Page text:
St Peters Anglican ChurchPrint Page
St Peters Anglican Church was built in honour of a son of the Warren Family who was killed in action in France in 1918. St. Peter`s Church was constructed, in 1922, as a place of worship in the Badgebup community and commemoration for those West Australian lives lost in World War One. Memorial tablets to the fallen were unveiled in the church on the 16th February 1936.
It was built as a memorial to John Campbell Warren, the son of a local farming family who was killed in World War One. The stone for the church was quarried from the Warren`s property, eleven kilometres north of Badgebup and carted to the site. The community was responsible for its construction. The sorrowing parents felt compelled to leave some tangible evidence of their son and decided the most fitting memorial would be a district church. R. L. Richardson enabled the dream to become a reality by donating an acre of land at the centrally situated Badgebup siding. The idea inspired all who heard of it, especially those who had seen active service, or had some personal tragic involvement with the war; from the architects- Eales and Cohen (a returned man), the stonemason, George Thorpe, who had lost two sons, and the carpenter, Tom and Cyril Berry, both ex-soldiers. Neighbouring farmers rallied around and carted stone to the site from the quarry blasted by Gilbert and J. C. Warren. In February 1922 Mrs Warren laid the foundation stone and in April 1922 Barbara Goodchild, the baby daughter of a returned soldier, was baptised within the three parts erected walls. Donations for the furnishings came from all quarters, including out of state Warren relatives and friends, and the Sisters of Perth College where the Warren girls had concluded their education.
The church was was consecrated by Archbishop Riley of Perth on the 16 of September 1922.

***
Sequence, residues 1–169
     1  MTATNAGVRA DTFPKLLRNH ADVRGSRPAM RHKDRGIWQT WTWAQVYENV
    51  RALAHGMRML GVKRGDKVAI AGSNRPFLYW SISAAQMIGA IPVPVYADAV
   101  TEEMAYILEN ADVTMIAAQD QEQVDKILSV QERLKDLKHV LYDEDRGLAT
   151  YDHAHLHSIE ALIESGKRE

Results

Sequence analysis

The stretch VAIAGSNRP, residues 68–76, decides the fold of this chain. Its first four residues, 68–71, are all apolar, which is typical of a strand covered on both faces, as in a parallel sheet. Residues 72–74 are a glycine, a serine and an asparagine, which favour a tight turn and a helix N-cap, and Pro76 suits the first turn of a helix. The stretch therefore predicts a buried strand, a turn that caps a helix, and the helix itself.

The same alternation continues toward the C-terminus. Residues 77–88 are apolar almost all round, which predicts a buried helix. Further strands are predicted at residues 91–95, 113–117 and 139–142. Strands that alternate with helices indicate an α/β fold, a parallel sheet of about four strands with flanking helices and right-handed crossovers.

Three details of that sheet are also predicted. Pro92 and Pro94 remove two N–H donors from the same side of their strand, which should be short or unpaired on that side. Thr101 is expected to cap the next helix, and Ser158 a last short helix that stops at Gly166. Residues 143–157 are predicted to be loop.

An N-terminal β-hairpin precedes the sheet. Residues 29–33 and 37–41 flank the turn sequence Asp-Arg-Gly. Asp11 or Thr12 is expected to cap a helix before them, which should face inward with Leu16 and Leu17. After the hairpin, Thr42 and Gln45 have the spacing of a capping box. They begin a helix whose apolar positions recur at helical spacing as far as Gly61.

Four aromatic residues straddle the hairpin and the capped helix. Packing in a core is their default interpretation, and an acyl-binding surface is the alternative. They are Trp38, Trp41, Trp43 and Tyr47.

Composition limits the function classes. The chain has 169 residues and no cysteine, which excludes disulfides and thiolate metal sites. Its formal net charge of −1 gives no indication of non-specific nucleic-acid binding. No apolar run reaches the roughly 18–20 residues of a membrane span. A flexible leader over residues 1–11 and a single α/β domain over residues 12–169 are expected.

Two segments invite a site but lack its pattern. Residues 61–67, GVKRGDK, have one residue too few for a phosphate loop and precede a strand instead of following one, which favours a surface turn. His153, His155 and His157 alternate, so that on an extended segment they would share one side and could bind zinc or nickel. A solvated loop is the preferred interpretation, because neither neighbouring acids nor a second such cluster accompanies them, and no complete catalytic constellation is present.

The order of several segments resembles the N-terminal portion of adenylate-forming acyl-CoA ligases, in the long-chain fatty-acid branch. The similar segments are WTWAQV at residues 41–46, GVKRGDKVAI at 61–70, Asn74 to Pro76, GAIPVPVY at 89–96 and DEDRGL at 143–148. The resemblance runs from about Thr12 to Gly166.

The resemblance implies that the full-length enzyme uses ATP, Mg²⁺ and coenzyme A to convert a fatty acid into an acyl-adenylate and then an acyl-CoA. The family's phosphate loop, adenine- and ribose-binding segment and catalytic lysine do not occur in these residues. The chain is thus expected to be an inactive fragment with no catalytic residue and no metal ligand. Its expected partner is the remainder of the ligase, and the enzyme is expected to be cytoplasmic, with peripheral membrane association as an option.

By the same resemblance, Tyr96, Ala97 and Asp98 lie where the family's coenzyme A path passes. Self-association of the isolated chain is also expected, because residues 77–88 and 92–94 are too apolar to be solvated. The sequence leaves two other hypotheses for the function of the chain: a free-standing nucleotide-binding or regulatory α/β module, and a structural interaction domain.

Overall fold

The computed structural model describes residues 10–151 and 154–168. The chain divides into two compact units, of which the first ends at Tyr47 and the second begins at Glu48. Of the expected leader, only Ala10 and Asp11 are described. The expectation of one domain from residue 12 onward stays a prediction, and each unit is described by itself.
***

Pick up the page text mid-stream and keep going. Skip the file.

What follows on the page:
St. Peter's Anglican Church, Badgebup, was the scene of a noteworthy service on February 16 when a honour of the late King George V was followed by the unveiling of two memorial tablets on either side of the baptistry arch. The first of these was given by his parents in memory of John Campbell Dale Warren, in whose memory the church was built, and responsibility for the second was shared by Sir Maurice Hankey in memory of four kinsmen who laid down their lives for King and country. The service was attended by about 60 persons. The rector (Canon Watson) eulogised His late Majesty and spoke of those to whom the tablets had been erected. At the close of the third collect, the tablets were unveiled, the first by Mr. O. A. Caldwell, an old friend of the family, and the second by Mr. H. A. Fildes, on behalf of the Returned Soldiers' League and Imperial Forces. They were designed by Messrs. Eales and Cohen, of Perth (architects of the church) as a gift.
The West Australian (Perth), 24th February 1936.
|Address:||Katanning-Nyabing Road, Badgebup, 6317|
|GPS Coordinates:||Lat: -33.633399|
Note: GPS Coordinates are approximate.
|Monument Designer:||Eales & Cohen (architect) George Thorpe (stonemason)|
|Actual Monument Dedication Date:||Saturday 16th September, 1922|
(Tablet 1 )
'In loving memory of John Campbell Dale Warren, of Dyliabing, a soldier of Hamel and Amiens, who fell in action on August 16. 1918, aged 21 years; whose kinsfolk built this church to the glory of God.'
'In loving memory of Hugh Hankey, Paardebure, 1900; Donald Hankey, the Somme, 1916; Tom Hogarth, Beersheba, 1917; Carew Reynell, Gallipoli, 1915: kinsmen of the builders of this church, who gave their lives upon the Field of Honour.'